WASHINGTON — A portion of the Interstate 66 express lanes project is on hold because of strong opposition from neighbors worried about noise, pollution and the design.
The region’s Transportation Planning Board took the unusual step on Wednesday to put off an air quality analysis for a stretch of the project between U.S. 50 and the Capital Beltway. Meanwhile, the board agreed to advance the analysis for the remainder of the project, which will run to Gainesville.
The delay gives the Fairfax County Board of Supervisors a chance to consider design revisions included in plans released last month and to make changes to proposed interchanges plus on- and off-ramps. The features would be included in an air quality analysis — a technical review required before any ramps or lanes could be built.
“If we come back and say any of those (access) points need to be stricken, they will be,” Supervisor Linda Smyth said.
The board is expected to receive more information about the latest design plans next month.
A small, active group of Dunn Loring residents who live in the shadow of the proposed on-ramps and off-ramps urged the Transportation Planning Board to agree to the delay.
Neighbors said the Virginia Department of Transportation has not factored in enough of their input and has gone back on previous promises that the ramps would not be larger than they appeared in plans made available to the public last year.
“It is painfully obvious that these changes are to ensure profitability to Express Mobility (Partners) at the expense of the residents and a community that has been in existence for over 130 years,” Mary Hagopian of Dunn Loring said.
The private company’s designs for the road were quietly released last month.
Del. Mark Keam, who represents the area, said he only learned of the proposed changes put into the revised plans through concerned neighbors. He said VDOT should have provided more information to neighbors and elected leaders.
Community meetings and briefings for regional lawmakers are scheduled over the next few weeks, including public meetings the second full week of June.
Designs not final
VDOT Deputy Northern Virginia District Administrator Renée Hamilton said the designs are still in flux.
“No decision will be made on this project until the public hearings, which are scheduled for the October time frame. That’s when you will have a final design for people to actually respond to and to reflect the changes that will be worked through throughout the process throughout the summer,” she said.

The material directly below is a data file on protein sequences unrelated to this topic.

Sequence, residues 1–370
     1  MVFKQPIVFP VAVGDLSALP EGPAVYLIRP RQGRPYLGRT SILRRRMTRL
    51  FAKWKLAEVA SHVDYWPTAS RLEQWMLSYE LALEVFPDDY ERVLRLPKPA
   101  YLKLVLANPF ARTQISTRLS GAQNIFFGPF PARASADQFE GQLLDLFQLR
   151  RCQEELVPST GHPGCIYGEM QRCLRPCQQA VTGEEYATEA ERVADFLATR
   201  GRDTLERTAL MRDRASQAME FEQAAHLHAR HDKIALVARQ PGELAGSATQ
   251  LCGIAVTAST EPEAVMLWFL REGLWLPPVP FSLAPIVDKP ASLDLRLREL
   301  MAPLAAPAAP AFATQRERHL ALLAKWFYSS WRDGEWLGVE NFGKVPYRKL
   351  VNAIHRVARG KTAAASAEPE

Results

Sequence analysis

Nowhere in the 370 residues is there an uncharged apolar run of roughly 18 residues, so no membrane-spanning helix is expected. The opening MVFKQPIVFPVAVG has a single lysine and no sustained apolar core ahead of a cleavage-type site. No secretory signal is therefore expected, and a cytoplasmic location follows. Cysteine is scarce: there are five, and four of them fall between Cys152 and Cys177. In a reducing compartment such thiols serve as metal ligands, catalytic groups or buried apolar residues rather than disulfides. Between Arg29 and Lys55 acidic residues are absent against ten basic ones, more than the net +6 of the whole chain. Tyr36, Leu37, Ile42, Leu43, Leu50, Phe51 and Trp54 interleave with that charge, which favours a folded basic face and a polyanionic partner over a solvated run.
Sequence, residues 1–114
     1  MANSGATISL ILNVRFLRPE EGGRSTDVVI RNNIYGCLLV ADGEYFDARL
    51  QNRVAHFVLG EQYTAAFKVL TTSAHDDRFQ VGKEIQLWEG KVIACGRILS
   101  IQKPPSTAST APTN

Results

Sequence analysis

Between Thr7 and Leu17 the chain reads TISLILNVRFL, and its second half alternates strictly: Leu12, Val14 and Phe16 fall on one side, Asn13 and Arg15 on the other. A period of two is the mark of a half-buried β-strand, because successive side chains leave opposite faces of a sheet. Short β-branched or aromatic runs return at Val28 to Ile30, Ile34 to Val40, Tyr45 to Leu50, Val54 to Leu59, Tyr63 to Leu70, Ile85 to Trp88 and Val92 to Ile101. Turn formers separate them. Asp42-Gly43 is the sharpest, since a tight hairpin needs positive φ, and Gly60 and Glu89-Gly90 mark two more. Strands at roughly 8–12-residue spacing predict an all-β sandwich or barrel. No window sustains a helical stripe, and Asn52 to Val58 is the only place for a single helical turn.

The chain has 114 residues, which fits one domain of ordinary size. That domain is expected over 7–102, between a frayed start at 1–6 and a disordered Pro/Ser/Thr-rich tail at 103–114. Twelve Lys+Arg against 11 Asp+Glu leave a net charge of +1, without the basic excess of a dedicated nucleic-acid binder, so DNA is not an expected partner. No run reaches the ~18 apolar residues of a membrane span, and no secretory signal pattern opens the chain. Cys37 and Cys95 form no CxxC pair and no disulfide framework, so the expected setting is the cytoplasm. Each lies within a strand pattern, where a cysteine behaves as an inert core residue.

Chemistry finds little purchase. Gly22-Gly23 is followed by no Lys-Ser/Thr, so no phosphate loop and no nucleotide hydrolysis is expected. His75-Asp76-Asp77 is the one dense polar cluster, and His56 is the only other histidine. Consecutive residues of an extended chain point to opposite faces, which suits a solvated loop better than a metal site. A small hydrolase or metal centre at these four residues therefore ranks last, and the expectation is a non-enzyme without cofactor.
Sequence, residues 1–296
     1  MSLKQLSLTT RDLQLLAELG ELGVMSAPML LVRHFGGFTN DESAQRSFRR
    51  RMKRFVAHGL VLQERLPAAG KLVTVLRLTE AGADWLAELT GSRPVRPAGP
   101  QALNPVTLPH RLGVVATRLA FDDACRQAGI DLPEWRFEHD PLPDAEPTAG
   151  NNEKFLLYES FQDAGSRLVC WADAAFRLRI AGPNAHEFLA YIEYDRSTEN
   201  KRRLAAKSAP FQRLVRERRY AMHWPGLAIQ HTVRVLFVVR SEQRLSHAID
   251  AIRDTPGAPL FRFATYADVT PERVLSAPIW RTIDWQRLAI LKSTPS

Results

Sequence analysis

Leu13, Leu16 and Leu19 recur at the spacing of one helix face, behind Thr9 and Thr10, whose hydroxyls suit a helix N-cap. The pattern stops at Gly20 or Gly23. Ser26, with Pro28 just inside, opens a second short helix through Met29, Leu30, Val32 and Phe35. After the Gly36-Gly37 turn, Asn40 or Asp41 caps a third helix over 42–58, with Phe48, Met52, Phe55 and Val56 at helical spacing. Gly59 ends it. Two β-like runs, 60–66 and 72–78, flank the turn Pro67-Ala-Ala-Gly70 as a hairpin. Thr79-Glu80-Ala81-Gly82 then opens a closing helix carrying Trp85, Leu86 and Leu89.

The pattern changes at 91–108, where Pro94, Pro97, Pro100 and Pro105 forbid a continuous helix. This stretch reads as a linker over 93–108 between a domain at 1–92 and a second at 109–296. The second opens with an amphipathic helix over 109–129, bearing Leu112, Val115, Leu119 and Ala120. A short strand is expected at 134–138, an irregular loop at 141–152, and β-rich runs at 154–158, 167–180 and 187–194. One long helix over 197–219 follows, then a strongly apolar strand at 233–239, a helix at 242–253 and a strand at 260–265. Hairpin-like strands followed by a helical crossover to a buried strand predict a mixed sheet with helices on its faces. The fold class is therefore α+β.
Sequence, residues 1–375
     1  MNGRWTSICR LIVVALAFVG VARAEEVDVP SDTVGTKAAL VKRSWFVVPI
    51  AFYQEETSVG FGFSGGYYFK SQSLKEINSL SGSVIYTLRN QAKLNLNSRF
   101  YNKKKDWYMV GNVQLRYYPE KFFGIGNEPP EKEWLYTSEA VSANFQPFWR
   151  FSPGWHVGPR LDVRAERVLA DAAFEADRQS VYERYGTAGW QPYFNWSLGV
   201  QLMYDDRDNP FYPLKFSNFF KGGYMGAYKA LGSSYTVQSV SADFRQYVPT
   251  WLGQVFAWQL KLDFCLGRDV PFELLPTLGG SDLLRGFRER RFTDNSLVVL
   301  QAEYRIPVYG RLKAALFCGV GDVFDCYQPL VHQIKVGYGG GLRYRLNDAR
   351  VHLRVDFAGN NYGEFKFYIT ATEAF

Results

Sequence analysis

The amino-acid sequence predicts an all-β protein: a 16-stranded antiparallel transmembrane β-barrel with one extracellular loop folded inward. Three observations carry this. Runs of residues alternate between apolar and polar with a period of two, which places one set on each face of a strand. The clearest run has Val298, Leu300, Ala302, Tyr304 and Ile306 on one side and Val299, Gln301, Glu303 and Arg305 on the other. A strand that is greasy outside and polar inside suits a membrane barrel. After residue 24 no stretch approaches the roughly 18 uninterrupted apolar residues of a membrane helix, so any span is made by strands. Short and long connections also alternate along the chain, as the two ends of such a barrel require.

At a separate meeting Wednesday, VDOT Commissioner Charlie Kilpatrick said public input is not over.
“One of the areas that we are continuing to work with the concessionaire on are what are called alternative technical concepts,” Kilpatrick said. “Those ideas still require public involvement and environmental evaluation, so again those things are going on and continued outreach to the community as we continue to get that project toward construction.”
Express Mobility Partners, the private consortium that will build and operate the lanes, offered those concepts as cheaper options to build certain pieces of the project. Other changes could bring in more toll revenue, such as additional or redesigned on-ramps.
Virginia Transportation Secretary Aubrey Layne said at a Commonwealth Transportation Board meeting that he plans a number of events in Northern Virginia to explain how the lanes will work. The toll lanes outside the Beltway are due to open in 2022.
In other news
A separate, but related, project to toll solo drivers during an expanded rush hour on I-66 east of the Beltway is due to be completed later this year.
The Commonwealth Transportation Board approved procedural resolutions Wednesday to allow tolls on I-66 both east and west of the Beltway to move forward.
A separate vote approved a $45 million state loan to the operators of the 95 Express Lanes to convert the high occupancy lanes on Interstate 395 to tolled express lanes. Currently, the express lanes end near the Arlington County line but they will be extended to the Pentagon by 2020.